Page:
California’s “Lost” Tribes
The 1987 Supreme Court decision to open up Indian gaming nationwide had as dramatic an economic impact on the lives of California’s Indian tribes as the occupation in 1969 of Alcatraz Island had on their cultural identities. In a few short years, California Indians went from being the poorest people in the state to among the richest, and from being virtually invisible to being the state’s most powerful political lobby. For the Cabazon and Morongo tribes of Southern California, the plaintiffs in the landmark Supreme Court case, the wealth they have achieved through gambling casinos was unimaginable.
Years of excruciating poverty have not been lost on three-time chairwoman Mary Ann Andres of the Morongo tribe, whose reservation is near Palm Springs. She remembers the dirt floor shack of her childhood and the impossibility of dreaming of the wealth the tribe now holds. For Viejas tribal Chairman Anthony Pico, the abundance of today harks back to the times before contact with Europeans. But now, the state is trying to charge a gaming tax greater than the standard corporate rate, a challenge to the newly found abundance of California’s tribes.
For the Colusa Tribe of Wintu, the largest employer in Colusa county, income from gaming operations have made possible the opening of the only dialysis center to service both native and non-native populations in the county. Its closure, and that of the tribal-funded Wellness Center, may result from the high taxes Governor Schwarzenegger wants to impose on all gaming tribes, both large and small.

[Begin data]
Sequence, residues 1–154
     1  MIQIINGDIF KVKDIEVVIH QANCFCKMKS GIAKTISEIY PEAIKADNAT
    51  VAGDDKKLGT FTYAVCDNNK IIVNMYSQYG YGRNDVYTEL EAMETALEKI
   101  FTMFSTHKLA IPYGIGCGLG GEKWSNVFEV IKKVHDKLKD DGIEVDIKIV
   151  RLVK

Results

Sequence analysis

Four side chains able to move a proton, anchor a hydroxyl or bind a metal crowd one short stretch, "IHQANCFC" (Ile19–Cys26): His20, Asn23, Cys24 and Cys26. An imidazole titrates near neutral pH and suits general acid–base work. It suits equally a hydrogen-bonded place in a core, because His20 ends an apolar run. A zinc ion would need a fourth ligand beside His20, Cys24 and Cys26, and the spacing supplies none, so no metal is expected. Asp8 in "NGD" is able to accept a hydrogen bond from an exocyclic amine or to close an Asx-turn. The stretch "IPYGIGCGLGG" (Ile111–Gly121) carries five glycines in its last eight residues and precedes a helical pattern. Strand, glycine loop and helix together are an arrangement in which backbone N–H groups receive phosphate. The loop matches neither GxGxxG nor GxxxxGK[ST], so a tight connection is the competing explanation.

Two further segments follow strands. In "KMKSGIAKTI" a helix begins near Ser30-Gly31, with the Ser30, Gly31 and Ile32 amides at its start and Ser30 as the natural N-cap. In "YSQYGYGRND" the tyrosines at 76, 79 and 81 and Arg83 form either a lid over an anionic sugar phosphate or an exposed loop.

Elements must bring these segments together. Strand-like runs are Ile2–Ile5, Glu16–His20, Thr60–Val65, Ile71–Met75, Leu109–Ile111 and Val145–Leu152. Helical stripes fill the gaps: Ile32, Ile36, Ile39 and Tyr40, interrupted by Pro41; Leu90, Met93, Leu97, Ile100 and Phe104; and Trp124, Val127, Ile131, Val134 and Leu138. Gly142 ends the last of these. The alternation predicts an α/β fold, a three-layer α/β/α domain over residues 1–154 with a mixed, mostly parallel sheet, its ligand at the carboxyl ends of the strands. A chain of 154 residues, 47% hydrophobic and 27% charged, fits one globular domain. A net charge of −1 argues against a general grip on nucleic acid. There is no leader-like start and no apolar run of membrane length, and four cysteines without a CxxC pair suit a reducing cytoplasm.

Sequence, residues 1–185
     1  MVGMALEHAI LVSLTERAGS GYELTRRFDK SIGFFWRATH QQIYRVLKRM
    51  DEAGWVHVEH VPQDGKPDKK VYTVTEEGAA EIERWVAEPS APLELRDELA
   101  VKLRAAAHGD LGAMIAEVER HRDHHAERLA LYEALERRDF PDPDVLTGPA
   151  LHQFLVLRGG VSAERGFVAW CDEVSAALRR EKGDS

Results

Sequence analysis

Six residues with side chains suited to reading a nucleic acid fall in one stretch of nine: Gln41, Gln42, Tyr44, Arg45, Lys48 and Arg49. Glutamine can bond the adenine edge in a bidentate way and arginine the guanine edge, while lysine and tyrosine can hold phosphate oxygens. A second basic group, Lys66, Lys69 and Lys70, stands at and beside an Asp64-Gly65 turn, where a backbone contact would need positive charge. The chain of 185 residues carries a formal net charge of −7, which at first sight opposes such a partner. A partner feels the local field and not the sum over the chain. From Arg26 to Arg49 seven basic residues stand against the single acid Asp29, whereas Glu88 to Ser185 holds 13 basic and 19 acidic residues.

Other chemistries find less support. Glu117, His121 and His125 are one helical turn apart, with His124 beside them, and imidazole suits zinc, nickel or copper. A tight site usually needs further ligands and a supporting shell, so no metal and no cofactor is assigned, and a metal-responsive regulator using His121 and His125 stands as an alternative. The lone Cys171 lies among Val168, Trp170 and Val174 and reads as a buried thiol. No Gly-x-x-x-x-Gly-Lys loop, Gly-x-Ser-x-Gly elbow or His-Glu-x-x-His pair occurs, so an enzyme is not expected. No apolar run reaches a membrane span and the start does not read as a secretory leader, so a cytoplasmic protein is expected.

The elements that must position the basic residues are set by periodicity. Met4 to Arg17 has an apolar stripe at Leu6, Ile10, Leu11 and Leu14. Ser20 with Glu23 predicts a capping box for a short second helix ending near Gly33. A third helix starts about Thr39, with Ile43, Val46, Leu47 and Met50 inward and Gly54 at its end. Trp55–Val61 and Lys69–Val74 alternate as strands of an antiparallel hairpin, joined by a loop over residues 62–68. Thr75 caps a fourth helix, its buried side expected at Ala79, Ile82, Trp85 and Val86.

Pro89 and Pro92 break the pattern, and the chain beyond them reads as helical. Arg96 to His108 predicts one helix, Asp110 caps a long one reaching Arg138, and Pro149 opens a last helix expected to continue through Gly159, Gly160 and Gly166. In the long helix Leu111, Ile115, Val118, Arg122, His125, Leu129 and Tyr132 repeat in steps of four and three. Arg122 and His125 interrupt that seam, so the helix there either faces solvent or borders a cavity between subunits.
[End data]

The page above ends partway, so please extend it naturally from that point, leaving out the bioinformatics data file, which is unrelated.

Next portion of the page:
California’s “Lost” Tribes explores the conflicts over Indian gaming and places them in the context of both California and Native American history. The film examines the historical underpinnings of tribal sovereignty and the evolution of tribal gaming rights over the last 30 years. It illustrates the impact of gaming on Indian self-determination, and the challenges that Native people face in defining the identity of their people for the future.
The film also provides insight into the thinking and motivation of those who oppose the expansion of Indian gaming. Concern over gaming in California is especially heightened by the development of rural lands for casinos, often placing tribes at odds with organic farmers and tract-home developers as stakes are claimed in the rush for the state’s last rural lands.
California’s “Lost” Tribes is essential viewing in a variety of courses in sociology, American studies, Native American studies, and ethnic studies. It was directed by Jed Riffe, co-producer and director of the renowned documentary, Ishi, the Last Yahi, and co-produced by Jack Kohler (Yurok, Karuk, and Hupa).